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The Research Priority Area, Emergent Phenomena in Society: Polarisation, Segregation and Inequality (RPA PSI) is an interdisciplinary collaboration at the University of Amsterdam with the goal of uncovering the interplay between the various mechanisms underlying the social phenomena of polarization, segregation and inequality combining fundamental research and societal-driven (non-academic) research. The collaboration involves various faculties at the University of Amsterdam, including the Faculty of Science (FNWI), the Faculty of Economics and Business (FEB), the Faculty of Social and Behavioral Sciences (FMG) and the Faculty of Law (FdR) as well as the the knowledge institute Statistics Netherlands (CBS). 

The study of Polarization, Segregation and Inequality (PSI) is typically conducted in isolation by different research groups using a variety of methodologies. Yet, it has become increasingly clear that these three phenomena are inextricably linked via a web of causal mechanisms, including the effects of policy and law, operating at different temporal and spatial scales. Uncovering such a network is the main goal of this RPA and requires an interdisciplinary approach that brings together strong academically driven research initiatives at the UvA as well as societally driven research at the CBS into a coherent effort. The RPA PSI programme builds upon on a solid foundation of various initiatives and research groups. These include the
Dutch Institute for Emergent Phenomena (DIEP), which is now leading the focus area Foundations and Applications of Emergence (FAEME) at FNWI, aiming to understand emergent behavior over the next five years (Armas, de Boer, Mandjes, Mulatier); the focus area Polarization: an interdisciplinary multi-level approach (PIMA) established at FMG which aims to unify views on polarization in the social/behavioral sciences (van der Maas, Uitermark); the recently awarded ERC Advanced Grant Beyond the tipping point (BTP): cascading transitions in the behavioral/social sciences (van der Maas); the ongoing project on school segregation (COMPASS) funded by the Amsterdam Municipality (Lees); the NETWORKS gravitation programme (Mandjes); the Center for Nonlinear Dynamics in Economics and Finance (CeNDEF) at FEB (Diks, Tuinstra); and The Amsterdam Centre for Transformative Private Law (ACT) at FdR (Mak).

RPA PSI aims at a new integrated understanding of these three social phenomena by modelling insights and data from the social and economic sciences using frameworks based on statistical physics and computational sciences. The main goal of this RPA is the development of a mathematical and computational toolbox suitable for, but not limited to, the study of PSI, as well as a computational model of an artificial society exhibiting PSI that can be constrained with available data from the CBS, the municipality of Amsterdam and other sources. This model will be used to test and design interventions aimed at reducing current levels of PSI. We expect that the engagement with policy makers on this topic via the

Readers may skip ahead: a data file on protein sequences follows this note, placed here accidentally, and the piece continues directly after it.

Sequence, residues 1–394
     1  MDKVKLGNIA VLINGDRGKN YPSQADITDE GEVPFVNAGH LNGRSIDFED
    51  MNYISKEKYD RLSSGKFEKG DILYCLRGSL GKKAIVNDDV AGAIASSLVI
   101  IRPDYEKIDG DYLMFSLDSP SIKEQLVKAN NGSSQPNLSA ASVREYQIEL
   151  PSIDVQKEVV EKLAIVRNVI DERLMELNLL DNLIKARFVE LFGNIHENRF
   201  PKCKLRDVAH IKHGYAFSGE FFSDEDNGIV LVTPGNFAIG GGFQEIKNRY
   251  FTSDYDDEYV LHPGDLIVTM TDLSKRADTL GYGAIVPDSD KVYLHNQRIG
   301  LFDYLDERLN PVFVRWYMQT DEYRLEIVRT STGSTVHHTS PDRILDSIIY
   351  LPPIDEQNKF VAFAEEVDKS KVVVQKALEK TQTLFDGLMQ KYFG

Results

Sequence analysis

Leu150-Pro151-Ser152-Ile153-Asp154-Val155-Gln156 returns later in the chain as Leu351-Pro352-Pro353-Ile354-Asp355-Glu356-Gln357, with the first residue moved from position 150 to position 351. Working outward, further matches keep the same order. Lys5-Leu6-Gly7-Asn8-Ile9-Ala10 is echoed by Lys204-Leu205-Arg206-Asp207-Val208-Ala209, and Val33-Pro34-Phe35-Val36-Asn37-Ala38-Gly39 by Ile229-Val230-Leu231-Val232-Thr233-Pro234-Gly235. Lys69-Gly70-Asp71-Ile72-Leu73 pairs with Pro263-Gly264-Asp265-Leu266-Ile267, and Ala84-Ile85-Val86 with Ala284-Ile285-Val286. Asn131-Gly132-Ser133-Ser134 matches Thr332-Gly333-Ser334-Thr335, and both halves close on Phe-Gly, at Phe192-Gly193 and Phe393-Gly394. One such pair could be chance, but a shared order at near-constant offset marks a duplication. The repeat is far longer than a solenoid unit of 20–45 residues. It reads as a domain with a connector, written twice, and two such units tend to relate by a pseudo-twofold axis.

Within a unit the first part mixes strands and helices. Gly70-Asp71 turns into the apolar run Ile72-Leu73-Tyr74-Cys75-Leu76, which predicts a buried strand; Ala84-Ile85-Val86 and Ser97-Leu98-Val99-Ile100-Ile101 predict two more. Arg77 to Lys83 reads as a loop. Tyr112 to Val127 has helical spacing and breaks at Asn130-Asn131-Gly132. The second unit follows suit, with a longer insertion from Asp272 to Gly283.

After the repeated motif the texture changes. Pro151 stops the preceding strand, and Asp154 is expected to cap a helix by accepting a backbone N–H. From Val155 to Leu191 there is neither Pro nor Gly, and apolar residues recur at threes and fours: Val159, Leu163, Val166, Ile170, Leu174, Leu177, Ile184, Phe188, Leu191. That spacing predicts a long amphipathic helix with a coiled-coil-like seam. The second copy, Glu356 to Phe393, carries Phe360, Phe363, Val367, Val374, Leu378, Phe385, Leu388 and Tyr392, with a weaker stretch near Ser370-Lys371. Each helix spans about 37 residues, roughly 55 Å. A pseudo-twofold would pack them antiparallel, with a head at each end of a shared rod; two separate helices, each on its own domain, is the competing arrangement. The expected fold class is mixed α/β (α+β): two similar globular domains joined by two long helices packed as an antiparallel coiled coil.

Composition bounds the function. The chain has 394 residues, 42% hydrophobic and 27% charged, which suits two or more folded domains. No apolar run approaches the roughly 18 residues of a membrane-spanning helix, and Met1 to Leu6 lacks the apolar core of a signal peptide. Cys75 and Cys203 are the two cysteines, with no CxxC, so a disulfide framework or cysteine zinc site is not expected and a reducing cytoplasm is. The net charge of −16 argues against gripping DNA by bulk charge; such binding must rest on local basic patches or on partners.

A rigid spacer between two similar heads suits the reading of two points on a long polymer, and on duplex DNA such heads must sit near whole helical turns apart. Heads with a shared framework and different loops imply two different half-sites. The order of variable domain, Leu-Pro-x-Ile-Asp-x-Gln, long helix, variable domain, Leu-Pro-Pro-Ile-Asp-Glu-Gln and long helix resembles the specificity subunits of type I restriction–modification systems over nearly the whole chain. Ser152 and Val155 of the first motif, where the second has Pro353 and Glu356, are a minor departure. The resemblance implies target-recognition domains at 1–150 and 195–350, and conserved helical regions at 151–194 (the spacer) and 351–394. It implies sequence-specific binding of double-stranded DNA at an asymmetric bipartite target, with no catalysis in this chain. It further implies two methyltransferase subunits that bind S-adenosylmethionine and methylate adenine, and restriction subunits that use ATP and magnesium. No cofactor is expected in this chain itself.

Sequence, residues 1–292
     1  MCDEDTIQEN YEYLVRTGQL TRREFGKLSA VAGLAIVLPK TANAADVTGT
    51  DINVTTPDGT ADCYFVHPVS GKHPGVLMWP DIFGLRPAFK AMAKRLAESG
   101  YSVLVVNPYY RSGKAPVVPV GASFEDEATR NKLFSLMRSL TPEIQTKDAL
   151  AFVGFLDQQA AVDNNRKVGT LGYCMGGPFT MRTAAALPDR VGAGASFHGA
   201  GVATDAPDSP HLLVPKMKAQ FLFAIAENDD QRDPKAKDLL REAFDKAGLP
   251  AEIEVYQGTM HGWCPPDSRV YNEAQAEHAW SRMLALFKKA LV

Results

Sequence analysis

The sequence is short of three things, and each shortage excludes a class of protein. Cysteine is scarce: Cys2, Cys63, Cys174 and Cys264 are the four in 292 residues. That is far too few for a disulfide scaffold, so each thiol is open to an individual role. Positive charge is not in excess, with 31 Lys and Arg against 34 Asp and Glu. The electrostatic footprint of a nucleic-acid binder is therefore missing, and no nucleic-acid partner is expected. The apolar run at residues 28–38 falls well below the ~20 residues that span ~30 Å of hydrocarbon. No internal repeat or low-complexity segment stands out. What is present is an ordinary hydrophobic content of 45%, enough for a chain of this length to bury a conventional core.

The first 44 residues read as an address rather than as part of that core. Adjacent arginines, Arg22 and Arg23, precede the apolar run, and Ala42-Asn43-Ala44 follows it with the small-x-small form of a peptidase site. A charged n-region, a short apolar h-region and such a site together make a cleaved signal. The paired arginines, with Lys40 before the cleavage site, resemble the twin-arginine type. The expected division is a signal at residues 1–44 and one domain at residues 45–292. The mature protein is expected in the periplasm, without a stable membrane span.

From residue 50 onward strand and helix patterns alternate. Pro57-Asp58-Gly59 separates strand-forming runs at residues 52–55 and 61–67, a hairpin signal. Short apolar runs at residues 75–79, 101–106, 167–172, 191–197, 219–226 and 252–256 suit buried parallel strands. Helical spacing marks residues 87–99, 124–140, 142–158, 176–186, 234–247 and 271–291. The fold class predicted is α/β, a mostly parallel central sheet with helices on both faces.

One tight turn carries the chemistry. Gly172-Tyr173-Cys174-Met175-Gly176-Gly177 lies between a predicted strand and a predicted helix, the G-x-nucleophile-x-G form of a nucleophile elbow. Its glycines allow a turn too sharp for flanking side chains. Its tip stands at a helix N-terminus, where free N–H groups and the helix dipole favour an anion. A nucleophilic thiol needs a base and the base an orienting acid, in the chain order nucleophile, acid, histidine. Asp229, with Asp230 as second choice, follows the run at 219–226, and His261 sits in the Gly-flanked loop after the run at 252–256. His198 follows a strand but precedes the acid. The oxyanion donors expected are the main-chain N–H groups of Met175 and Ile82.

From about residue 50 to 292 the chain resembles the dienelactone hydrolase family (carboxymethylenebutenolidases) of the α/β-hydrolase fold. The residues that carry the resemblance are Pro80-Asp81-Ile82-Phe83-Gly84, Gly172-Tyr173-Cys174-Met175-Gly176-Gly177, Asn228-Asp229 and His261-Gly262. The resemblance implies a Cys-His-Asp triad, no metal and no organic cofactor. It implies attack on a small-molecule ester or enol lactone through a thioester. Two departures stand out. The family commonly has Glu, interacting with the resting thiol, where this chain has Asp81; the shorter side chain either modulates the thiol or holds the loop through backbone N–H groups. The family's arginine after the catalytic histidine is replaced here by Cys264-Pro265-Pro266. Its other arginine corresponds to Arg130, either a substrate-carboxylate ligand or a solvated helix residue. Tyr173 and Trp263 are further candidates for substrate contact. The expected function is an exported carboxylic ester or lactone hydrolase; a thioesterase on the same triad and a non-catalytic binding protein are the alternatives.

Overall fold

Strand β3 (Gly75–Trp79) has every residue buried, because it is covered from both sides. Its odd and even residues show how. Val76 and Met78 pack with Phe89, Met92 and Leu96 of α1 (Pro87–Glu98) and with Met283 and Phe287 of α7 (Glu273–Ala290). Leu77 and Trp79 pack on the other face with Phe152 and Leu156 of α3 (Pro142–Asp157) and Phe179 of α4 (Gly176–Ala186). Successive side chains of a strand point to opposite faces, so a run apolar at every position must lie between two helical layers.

POLDER Simulation Centre led by the Institute for Advanced Study at the University of Amsterdam, can support an evidence-based policy making process.

The fundamental understanding of the network of causal relationships between the three emergent phenomena (PSI) will be used to develop a monitoring tool that can serve as an indicator of critical levels of societal disintegration, with potentially high societal impact. More generally, we expect that the deeper understanding of PSI gained through this coordinated research effort will improve the social impact of policies, legislation and interventions and potentially lead to a more equal and fair society. 



In recent decades, society has witnessed trends towards increasing polarization, segregation and inequality. These trends can be observed in local neighborhoods (e.g. Dutch school segregation), nationally (e.g. fragmentation of the Dutch House of Representatives), and globally (e.g. income inequality). Despite enormous efforts to understand these phenomena and their contribution to social unrest and political extremism, the interdependencies between them have rarely been considered. Exploring these connections is a pressing scientific problem that can lead to breakthroughs in our understanding of society as a complex system.

Accurately modeling society in order to predict its dynamic evolution appears to be an insurmountable task, the complexity and implications of which can currently only be portrayed in science fiction, such as the “Foundation” series of books by Isaac Asimov.  These difficulties are rooted in the interconnectedness of different emergent social phenomena at different temporal and spatial scales, leading to intergenerational legal and political challenges. However, progress can be made by focusing on specific aspects of society for which the temporal and spatial scales can be widely separated. This is the case for the phenomena of polarization, segregation and inequality and their interdependencies. For example, explanations of school segregation (e.g. in the Netherlands) are rooted in an underlying inequality in educational attainment, which ultimately leads to polarized behavior, increased segregation and the promotion of further inequalities.